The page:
Monday, 4 August 2014

Black Darter.






A visit to the acidic pools on Thursley Common towards the end of July provided an opportunity to locate the Black Darter (Sympetrum danae). This is Britain's smallest resident dragonfly whose overall body length only measures 29-34mm.

The first two images are of a teneral female; so easily confused with a female Common Darter (dark form); but finding the diagnostic dark triangle on the top of the thorax finally clinched the ID.


I located and watched a number of males flying and waiting in attendance as females oviposited close by but the dark, watery background lit by the high overhead sun was not ideal to show off the true colours and patterns of this special Darter.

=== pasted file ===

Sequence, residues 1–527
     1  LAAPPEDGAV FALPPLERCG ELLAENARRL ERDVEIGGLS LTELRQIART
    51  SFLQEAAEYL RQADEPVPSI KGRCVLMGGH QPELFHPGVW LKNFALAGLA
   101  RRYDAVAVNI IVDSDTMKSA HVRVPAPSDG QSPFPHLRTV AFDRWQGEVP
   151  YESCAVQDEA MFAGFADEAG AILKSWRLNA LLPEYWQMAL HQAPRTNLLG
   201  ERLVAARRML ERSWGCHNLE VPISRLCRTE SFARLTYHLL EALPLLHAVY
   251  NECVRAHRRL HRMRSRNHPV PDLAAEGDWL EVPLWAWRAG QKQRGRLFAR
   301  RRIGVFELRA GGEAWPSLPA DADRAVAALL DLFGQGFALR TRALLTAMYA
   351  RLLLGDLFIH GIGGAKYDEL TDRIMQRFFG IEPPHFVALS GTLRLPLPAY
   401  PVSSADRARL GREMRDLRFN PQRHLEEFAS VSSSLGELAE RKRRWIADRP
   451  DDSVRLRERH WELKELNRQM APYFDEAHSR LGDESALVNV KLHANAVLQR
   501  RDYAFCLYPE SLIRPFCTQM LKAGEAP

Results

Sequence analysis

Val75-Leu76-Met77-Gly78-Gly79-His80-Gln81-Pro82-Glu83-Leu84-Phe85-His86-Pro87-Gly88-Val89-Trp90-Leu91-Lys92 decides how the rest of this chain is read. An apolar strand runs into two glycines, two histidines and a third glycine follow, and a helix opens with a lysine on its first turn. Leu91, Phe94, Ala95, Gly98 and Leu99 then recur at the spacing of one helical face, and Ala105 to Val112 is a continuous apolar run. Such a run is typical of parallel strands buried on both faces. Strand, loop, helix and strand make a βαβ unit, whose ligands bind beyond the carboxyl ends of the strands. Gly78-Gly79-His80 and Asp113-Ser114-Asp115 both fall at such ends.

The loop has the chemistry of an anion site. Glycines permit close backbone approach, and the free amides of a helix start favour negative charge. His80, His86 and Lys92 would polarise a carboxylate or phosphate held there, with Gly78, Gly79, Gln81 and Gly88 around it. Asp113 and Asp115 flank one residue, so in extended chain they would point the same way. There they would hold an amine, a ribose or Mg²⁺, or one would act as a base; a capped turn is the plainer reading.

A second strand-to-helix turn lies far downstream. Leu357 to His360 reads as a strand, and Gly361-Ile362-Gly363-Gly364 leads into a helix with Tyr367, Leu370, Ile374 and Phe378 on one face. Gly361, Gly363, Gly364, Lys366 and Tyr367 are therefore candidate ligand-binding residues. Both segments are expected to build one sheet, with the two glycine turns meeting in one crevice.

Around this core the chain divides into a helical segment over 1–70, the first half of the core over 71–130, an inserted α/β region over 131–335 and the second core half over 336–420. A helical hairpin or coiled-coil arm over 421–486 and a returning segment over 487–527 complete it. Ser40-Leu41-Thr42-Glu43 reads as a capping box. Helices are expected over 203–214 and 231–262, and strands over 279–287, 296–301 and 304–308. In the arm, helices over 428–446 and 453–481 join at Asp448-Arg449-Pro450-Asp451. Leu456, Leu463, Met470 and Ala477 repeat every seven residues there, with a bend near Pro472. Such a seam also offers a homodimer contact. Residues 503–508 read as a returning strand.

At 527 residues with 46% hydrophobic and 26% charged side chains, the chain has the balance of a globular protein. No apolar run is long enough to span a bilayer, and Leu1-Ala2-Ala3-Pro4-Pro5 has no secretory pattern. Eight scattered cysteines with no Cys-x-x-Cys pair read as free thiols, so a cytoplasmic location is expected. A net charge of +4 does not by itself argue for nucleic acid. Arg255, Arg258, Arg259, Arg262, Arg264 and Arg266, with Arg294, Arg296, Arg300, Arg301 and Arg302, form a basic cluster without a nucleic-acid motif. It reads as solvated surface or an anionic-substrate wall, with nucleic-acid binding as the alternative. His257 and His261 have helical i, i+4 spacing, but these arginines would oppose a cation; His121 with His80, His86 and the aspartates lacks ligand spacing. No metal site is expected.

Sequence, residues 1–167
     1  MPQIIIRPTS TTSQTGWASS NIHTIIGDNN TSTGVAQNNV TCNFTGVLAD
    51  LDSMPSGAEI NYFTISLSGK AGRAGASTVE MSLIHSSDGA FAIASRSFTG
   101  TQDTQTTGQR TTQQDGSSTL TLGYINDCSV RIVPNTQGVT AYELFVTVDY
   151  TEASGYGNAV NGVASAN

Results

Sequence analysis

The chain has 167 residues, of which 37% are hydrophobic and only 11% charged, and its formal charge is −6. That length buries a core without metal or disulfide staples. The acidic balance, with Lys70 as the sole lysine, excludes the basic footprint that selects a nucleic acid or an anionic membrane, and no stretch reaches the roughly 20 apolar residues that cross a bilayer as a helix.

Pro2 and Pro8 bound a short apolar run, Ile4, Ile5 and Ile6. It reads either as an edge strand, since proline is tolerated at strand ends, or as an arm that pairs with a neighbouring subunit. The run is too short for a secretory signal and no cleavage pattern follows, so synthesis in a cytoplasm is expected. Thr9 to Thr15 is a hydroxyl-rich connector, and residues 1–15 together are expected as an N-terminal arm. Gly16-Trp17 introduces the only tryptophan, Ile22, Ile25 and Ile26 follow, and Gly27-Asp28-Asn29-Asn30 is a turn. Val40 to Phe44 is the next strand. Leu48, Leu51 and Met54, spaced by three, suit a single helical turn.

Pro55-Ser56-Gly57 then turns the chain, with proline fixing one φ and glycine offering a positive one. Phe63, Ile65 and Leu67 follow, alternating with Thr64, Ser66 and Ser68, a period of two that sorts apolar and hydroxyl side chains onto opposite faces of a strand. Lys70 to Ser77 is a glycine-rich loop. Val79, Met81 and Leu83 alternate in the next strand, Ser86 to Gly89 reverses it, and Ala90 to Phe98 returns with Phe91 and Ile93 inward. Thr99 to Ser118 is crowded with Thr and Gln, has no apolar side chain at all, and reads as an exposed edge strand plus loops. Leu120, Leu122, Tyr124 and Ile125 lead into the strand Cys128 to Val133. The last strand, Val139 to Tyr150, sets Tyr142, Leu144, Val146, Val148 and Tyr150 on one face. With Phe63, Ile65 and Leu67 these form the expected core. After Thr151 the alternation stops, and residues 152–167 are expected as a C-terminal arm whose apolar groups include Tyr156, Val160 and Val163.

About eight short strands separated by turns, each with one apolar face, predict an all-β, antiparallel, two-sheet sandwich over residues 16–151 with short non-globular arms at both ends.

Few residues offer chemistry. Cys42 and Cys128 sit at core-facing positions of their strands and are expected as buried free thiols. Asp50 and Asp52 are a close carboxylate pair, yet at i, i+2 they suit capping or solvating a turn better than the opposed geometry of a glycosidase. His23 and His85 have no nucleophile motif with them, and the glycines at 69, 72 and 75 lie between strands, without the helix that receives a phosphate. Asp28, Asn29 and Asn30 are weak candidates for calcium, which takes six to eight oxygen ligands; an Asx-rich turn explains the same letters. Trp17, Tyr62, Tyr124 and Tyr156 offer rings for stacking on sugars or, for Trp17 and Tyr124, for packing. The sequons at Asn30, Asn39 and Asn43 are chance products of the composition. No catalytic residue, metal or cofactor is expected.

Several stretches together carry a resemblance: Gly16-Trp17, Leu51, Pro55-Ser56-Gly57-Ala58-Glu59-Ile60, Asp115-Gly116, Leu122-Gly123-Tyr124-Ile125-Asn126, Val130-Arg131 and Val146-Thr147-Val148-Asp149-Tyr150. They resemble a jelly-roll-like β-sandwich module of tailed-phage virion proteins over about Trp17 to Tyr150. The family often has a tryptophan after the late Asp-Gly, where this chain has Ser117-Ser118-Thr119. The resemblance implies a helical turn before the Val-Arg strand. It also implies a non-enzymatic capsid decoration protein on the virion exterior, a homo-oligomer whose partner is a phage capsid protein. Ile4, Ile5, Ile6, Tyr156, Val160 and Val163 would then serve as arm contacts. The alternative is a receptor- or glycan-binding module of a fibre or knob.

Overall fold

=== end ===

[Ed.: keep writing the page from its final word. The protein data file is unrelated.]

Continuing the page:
I eventually managed to find a mature male perched away from the water who totally ignored my close presence and the encounter provided a chance to get some detailed close up against an uninterrupted background. 





This species' black markings have a thermo-regulatory function for cold conditions and males usually only fly when their body temperature is between 20 - 40 deg C. On very warm days it will perch and point its abdomen vertically towards the sun, known as 'the obelisk position', to reduce the exposed surface area.





All images were shot 'handheld' with the 450D and 70-300mm lens. FAB.

5 comments:

  1. very pretty and detailed shots!

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  2. Great shots of a very nice darter Frank. I was lucky enough to find and photograph one at Cliffe Pools in Kent last year, which is totally wrong habitat. You just never know!

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  3. FAB shots! Hope you don't mind I stole your phrase. :)

    ReplyDelete
  4. Brilliant find Frank,superb images.
    John.

    ReplyDelete
  5. These are stellar, Frank! Beautiful shots!

    ReplyDelete

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